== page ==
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“WE ARE BEING HIJACKED,” read the message from Western Airlines Flight 701. “WE ARE GOING TO LAND SEA [SEATTLE] FOR REFUELING THATS FIRST PROBLEM WILL NEED GAS AND ALSO MIGHT NEED SOME MONEY.”
The 1972 hijacking was led by two young San Diegans who wanted to free a former UCSD student, protest the Vietnam War and change the world.
His name was Roger (when he wasn’t using an alias), a handsome 20-something with mental issues who’d gone AWOL from the Army. She was Cathy, a college-age woman who worked at a massage parlor and carried a switchblade.
Their backgrounds were very different but they shared something in common. They’d spent time in Coos Bay, Ore., and had actually met there as children. Now, by pure coincidence, they’d run into each other in San Diego.
It was meant to be, they thought: the troubled Vietnam vet and the party girl from Oregon.
Armed with a fake bomb, Roger Holder and Cathy Kerkow would soon commit one of the boldest airplane hijackings of all time and get away with half a million dollars in ransom.
“Over the ensuing years, their madcap adventures on the lam would involve exiled Black Panthers, African despots, and French movie stars,” writes Brendan Koerner, author of “The Skies Belong to Us: Love and Terror in the Golden Age of Hijacking.”
Koerner got in touch with me a couple years ago while he was trying to track down Holder here in San Diego, where he’d failed to stay out of trouble after returning to the U.S. I assisted Koerner as a paid researcher and uncovered information about Holder, who turned out to be living in a North Park apartment and was willing to talk about his remarkable life.
“The Skies Belong to Us,” published last week, is getting rave reviews. I called Koerner and asked him about the Bonnie & Clyde of 1970s hijacking, their connections to San Diego, and the dark art of reinvention.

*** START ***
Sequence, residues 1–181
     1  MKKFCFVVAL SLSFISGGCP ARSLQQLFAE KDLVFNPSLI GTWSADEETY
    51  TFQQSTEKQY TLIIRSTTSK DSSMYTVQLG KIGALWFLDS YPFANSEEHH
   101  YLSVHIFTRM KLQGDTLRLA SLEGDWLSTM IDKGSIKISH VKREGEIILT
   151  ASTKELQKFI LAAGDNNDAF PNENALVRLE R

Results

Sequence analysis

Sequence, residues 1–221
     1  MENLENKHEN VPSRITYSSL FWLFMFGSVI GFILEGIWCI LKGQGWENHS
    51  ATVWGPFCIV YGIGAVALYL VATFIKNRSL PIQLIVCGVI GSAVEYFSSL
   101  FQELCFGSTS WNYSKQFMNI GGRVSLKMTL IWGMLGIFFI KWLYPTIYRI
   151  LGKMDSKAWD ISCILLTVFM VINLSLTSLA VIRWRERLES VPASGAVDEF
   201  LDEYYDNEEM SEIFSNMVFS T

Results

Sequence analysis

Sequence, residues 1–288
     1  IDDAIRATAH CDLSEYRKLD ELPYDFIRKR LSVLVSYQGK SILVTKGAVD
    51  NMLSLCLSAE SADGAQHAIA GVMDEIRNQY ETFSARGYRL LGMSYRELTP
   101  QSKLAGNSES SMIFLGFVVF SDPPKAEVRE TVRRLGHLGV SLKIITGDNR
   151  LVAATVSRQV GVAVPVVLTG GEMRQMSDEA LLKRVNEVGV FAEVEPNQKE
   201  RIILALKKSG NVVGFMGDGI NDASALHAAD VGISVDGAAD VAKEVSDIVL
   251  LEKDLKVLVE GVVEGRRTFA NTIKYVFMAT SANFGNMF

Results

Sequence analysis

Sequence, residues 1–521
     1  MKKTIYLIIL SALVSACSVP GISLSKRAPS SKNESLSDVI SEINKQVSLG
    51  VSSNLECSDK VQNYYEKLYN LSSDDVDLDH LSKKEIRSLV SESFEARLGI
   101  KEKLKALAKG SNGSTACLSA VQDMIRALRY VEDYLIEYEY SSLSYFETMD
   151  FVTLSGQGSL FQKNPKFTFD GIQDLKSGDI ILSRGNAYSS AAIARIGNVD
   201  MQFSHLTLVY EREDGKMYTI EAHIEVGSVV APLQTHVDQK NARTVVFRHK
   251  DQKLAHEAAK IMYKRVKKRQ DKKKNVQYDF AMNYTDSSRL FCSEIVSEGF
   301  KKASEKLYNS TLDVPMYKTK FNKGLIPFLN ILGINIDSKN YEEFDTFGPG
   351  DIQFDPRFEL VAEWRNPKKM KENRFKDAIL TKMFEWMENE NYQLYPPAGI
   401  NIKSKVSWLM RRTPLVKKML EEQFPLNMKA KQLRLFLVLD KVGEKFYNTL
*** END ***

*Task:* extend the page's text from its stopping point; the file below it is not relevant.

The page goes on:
How did you stumble upon this story?
In 2009, I read a story about Luis Armando Peña Soltren, a Puerto Rican nationalist who hijacked a plane to Cuba in 1968 and holed up there for the next 41 years. Then all of a sudden he decided he wanted to come back to the U.S. The story was about him, how they arrested him the second he got off the plane.
I was familiar with people who’d hijacked planes to Cuba, but I didn’t know much about it. I did some research and was amazed about how many hijackings there were.
As your book says, there were more than 130 airplane hijackings from 1968-1972. What makes this case stand out?
The hijackers were almost all men. But I stumbled upon this case, which involved a woman from a small town in Oregon.
It was a huge deal. Directly because of this hijacking, there was a global pilots strike for a day, not just in the U.S. but all over the world. Pilots were so incensed that they’d hijacked a plane and gotten away with it.
And they’d hijacked a plane to Algeria. That was the first time that had ever been done, and there was a lot of concern that it was a very anti-American place that would become a new destination for hijackers. Pilots were extremely disturbed and wanted government to take action to shut down these hijacker havens.